August 22, 2012
B.C. firms land military container contract
A B.C. company has developed a local supply network that meets Canadian military requirements of a multi-million dollar contract for the construction of reinforced intermodal shipping containers.
These containers can be mobilized quickly for a range of uses in extreme environments.
“The ability to be able to move these shipping containers around by truck, sea, air and rail gives these units a lot of flexibility,” said Ray Castelli, chief executive officer of Burnaby-based Weatherhaven, which is a manufacturer of portable shelters, camps and systems for remote sites.
“They can be delivered by truck, detached to become intermodal and put anywhere in the world. This construction method is cheaper and can be mobilized more quickly than a conventional temporary structure.”
Last week, Westerhaven completed the construction on the first of 400 customized intermodal containers at a facility in Port Coquitlam under a $60 million federal government defence contract.
DEW Engineering teamed with Weatherhaven as their primary partner, along with other Canadian companies in August 2009 to win the $130 million procurement program.
The four year contract involves the design and manufacture of 895 baseline shelters, which includes engineering data and integrated logistics support with an option for up to 110 more shelters.
The project will create or maintain 230 jobs throughout all regions of Canada.
“The containers must be built from scratch with a reinforced roof and side girders, so they don’t twist and maintain structural integrity,” said Castelli.
“They are specially built so corner beams and the bottom is reinforced. We have also installed a mechanical room in the container, which has an on-board generator, electrical system, light system, heating and ventilation.”
When deployed on military vehicles, the units can operate in more than thirty configurations including command centres, medical clinics, kitchens and showers. The set up process for the units takes 20 minutes.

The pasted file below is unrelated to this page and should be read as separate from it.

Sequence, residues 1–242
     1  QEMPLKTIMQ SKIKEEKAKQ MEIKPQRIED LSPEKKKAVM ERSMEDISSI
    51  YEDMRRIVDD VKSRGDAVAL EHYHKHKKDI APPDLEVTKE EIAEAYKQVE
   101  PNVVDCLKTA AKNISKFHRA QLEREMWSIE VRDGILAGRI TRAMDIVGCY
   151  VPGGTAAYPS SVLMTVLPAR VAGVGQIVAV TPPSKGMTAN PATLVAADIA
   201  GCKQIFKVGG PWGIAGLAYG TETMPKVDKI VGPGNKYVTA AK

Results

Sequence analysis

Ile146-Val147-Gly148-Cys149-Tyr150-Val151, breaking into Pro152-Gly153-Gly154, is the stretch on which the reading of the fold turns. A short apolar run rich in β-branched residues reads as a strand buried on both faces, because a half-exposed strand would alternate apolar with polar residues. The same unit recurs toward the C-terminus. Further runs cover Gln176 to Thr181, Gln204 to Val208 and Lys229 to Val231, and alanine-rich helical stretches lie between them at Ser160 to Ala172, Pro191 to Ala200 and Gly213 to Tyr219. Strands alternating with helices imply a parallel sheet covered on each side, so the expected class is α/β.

“Some of the units are standard shipping containers and some are expandable, which is a little higher end,” said Castelli.
“With an expandable container, the side walls actually detach and swivel down to the ground, which triples the floor space. We have pop out fabric walls on both sides.”
The specialized units are designed with thermal protection, which allows troops to survive in harsh conditions from minus 40 degrees Celsius to 40 degrees Celsius.
The intermodal units will be used to support both domestic needs, as well as peacekeeping and humanitarian missions around the world.
Castelli said Westerhaven was awarded the contract three years ago and have been working since then to design the product and get it approved by the military.
“It was necessary to put together a supply network. We are required to do a significant amount of this work in B.C., so we had to find suppliers with knowledge and the expertise to meet specifications,” he said.
“Automotive vehicle requirements are very strict, so we had to spend a couple of years recruiting and training suppliers.”
As a result of putting together a B.C. supply chain, Westerhaven has proven that B.C. companies can meet the standards of a demanding military client.
The eight companies involved in the project from the Lower Mainland of British Columbia are:
Container shell – Tri-Metal from Surrey
Sheet Metal components – Wesgar from Port Coquitlam
Painting and Assembly – Wesgar Completions from Port Coquitlam
Wood paneling – Seagull from Vancouver
Onboard generator – Frontier from Delta
Battery chargers – Analytics from Delta
Electrical System – DNA Data Networking from Burnaby
Electrical installation – Wespac from Coquitlam
These companies will supply up to 90 per cent of the total value of the modular units.
In total, Westerhaven has 47 suppliers in B.C.
The production facility is managed by Wesgar Completions, which is the company sub-contracted by Weatherhaven to manage the final assembly of the units.
Castelli said that Westerhaven will be building one unit a day for the next three years.
The project will create about 100 full-time equivalent jobs in B.C. over the three-year term of the project.
“This positions us to go after contracts that are equally demanding,” said Castelli. “Our suppliers have developed the capability, confidence and the track record to go after military contracts. This will be particularly important for meeting the requirements of the B.C. shipbuilding contract.”
Seaspan’s Vancouver Shipyards was awarded an $8 billion federal contract in October last year for the construction of seven non-combat ships, under the National Shipbuilding Procurement Strategy.
The non-combat package awarded to Seaspan includes the Navy’s joint support ships, the Canadian Coast Guard’s off-shore science vessels and the new polar icebreaker.
Castelli said Westerhaven went through three stages to gain approval from the military, under the contract.
The first stage was winning the contract through a competitive bid process.
In the second phase, the product was designed to specification by engineers.
As part of this stage, Westerhaven had to build a prototype and undertake user trials in the field.
Based on the feedback received from the trials, the company developed a final design, which was signed off by the client. The last stage was building the final product.
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